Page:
"Jim Bob Duggar and there are 19 in our family," the patriarch stated.

"Hmmmmm. Let's See. Okay, here you are, but it looks like you RSVPed for only 12, so I will have to ask you to step aside while I get permission from my boss to let you all in." The check-in girl proceeded to call me on the radio and explain the situation. I checked with the mother of the bride and our conversation went a little like this:

"Teresa, we have the Duggars at the front door with a party of 19, but you only have 12 on the list, should we let them all in and change the tables a little to accommodate the extras, it shouldn't be a problem at all."

"If they RSVPed for 12, then only 12 can attend," the mother of the bride said gruffly and matter of factly – no thinking it over or anything.

"Are you sure?"

"I am positive. Please go now!" 99% of me wanted to curtsy and say "Yes your royal highness"

As I head to the front door, I am trying to think of a way to tell this family that only part of them can attend the reception. "Hello, I'm the I Do Expert, and I understand that we have a little problem here with the guest count for your family." Jim Bob does the explaining and counting of all of the children and pregnant wife.

"Well, I have spoken to the mother of the bride, Teresa, and she is only allowing me to admit 12 members of your family to the reception since that was the number that you returned to her. I'm sorry, but only 12 can come in." I felt mean and rude just even having to utter these words to someone. How terrible! I am turning people away from a wedding reception not the hot new nightclub where Justin Timberlake is performing.

After some discussion, 12 Duggars entered and 7 left. I am glad that they were kind to my staff and myself about it, knowing that it was not our decision, although part of me wished that they all would have loaded into the RV and left.

While checking on the progress of the reception happenings, I got another call on the radio from the young woman at the door checking names. I went to the mother of the bride again.

"Teresa, sorry to interrupt your conversation, but I need to steal a word with you. We have your cousin Mary at the front door with her husband and two children. Since you haven't seen her in four years and you were the best of friends growing up, she wanted to surprise you."

"Are they on the list?" she snarled.

"No, she sent a regret so that she could surprise you and....." I was quickly interrupted.

"I don't care if it is the President of the United States, if they are not on the list, they cannot come in."

"Are you serious?" I said. I know! It slipped! I shouldn't have said it, but I just popped out. I was disgusted by this woman. Who doesn't something like this?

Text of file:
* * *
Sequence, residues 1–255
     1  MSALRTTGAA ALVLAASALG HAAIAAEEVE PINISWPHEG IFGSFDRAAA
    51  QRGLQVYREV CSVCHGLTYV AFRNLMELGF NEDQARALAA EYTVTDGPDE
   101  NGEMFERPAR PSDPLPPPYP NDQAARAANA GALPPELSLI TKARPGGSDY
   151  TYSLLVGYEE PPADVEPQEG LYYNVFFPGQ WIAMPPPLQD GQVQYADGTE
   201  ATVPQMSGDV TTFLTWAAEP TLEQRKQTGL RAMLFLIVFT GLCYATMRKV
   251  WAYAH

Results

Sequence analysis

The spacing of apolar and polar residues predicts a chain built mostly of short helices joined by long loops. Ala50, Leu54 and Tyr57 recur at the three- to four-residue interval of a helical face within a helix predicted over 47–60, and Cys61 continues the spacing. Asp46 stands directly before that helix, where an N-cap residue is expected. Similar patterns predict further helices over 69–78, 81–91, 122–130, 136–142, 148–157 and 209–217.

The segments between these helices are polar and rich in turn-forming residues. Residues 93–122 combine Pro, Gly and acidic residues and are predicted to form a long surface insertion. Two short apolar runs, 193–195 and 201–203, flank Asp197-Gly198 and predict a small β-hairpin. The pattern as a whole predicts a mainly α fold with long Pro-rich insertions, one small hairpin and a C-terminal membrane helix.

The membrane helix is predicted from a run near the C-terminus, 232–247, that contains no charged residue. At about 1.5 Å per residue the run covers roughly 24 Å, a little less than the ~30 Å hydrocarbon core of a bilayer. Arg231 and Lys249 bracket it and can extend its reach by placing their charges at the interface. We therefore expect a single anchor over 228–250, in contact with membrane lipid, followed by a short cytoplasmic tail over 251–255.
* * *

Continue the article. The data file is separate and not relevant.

So I had to go back to the front door and break the news to Mary, who by the time she walked out of the door was in tears and handed me a gift to give to the bride and one for the mother of the bride.

"Are you sure?" I said.

"Yes, the gift for the bride is something I made for her with all of the photos of all of the women in our family in their wedding dresses and the gift for Teresa is a picture of the two of us when we were 7 playing dress-up as brides. Thank you!"

I couldn't believe it. I would have touch-downed the photos in the parking lot and then run them over with my car.

At the end of the evening, the mother of the bride went to the caterer and said, "I am not paying for all of the food bill"

The head caterer said "Was something wrong?"

"No," she said "but I saw your staff sitting down and eating and I am just not paying you to eat the food that I paid for."

Calmly the caterer said "Ma'am, I am assure you that the food we ate you are not charged for. We always made extra so that our staff who are on their feet for eight hours,serving your guests, can have a bite eat. All of the extras are boxed for you to take home, so you actually get more than you paid for."

"Well fine, as long as I am not paying for you people to eat then that is fine."

Emily Post, the queen of etiquette, and one of the people who fascinates me the most, once wrote that "anyone receiving an invitation with an R.S.V.P on it is obliged to reply, and breaching this standard is inexcusably rude."

I wonder what Ms. Post would say about turning away guests from a party you invited them to for bringing too many people or for trying to surprise you with a reunion four years in the works?

People never cease to amaze, surprise and shock me.


I Do Expert

Father Knows Best

Most relationships develop over time.  You learn to love your friends as family and trust your siblings with your deepest secrets, but the relationship between parent and child has a unique dynamic that you are literally born into.